No retreat

FROM PRIVATE EYE Latest! 14-27 Nov 2008 1223
The Ministry of Defence is increasingly desperate to save its faltering plan to privatise military training at a new defence academy at St Athan, SouthWales, despite having acknowledged that the £12bn PFI deal is unaffordable and poses rishs to the frontline (see Eye 1213)

With the credit crunch also having put costs up by £1bn, something has to give. So when defence minister Bob Ainsworth announced that the MOD was ploughing ahead, he pointed out that "considerable progress had been made in driving down costs". This will involve cutting the length of training courses by 25% through "compression, rationalisation and harmonisation". Officially that means cutting waste but those involved in defence training say there is nothing like the scope for 25 percent cuts.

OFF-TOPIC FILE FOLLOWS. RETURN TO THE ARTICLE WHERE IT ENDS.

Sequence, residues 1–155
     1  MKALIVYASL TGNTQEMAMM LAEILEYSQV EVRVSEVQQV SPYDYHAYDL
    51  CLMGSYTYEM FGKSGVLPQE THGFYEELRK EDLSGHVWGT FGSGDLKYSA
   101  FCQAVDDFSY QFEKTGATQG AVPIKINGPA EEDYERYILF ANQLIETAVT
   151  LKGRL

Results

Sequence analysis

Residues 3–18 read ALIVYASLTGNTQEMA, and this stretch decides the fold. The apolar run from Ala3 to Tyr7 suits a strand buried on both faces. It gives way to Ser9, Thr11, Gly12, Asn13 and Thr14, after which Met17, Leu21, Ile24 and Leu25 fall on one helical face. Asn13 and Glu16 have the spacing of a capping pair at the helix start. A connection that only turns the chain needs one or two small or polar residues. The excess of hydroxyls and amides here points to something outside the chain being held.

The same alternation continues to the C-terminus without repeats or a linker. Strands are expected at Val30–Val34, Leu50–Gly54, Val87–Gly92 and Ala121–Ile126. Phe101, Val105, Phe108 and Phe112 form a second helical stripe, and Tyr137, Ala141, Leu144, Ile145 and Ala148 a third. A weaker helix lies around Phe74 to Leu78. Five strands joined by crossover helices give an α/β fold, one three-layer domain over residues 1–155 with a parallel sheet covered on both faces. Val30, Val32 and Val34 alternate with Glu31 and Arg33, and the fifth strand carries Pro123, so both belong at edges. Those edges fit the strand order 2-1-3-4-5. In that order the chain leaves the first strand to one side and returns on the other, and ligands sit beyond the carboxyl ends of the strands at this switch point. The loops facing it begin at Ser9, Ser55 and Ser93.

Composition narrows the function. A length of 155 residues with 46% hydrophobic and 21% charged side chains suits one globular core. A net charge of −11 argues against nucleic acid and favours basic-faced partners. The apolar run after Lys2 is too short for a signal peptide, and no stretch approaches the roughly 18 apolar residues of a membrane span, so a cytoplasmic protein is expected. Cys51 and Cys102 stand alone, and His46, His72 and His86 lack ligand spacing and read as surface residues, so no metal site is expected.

So defence training will have to suffer to spare the PFI deal, even though the off-balance sheet allure of PFI - which defence ministers admitted was the reason for a PFI in the first place - has vanished as all PFIs are going back on the books.Could it be because the deal is so crucial to the companies lining up for it? Qinetiq, the defence research company privatised by the MOD but on which it remains reliant, admits in its 2008 accounts: "There is a risk that the MoD may materially change the final scope or delay or cancel the implementation of the programme, which would have a significant effect on the expected future growth of the group".

Other firms have already got their snouts in the trough. The programme has cost £35 million so far, of which £12m has gone in consultancy. The biggest earner, predictably, is PwC which has received almost £1m a year for advising the MoD. With the plan already well delayed, the MoD's commercial director, Amyas Morse, who joined from PwC in 2006, will be signing in its cheques for a while yet.

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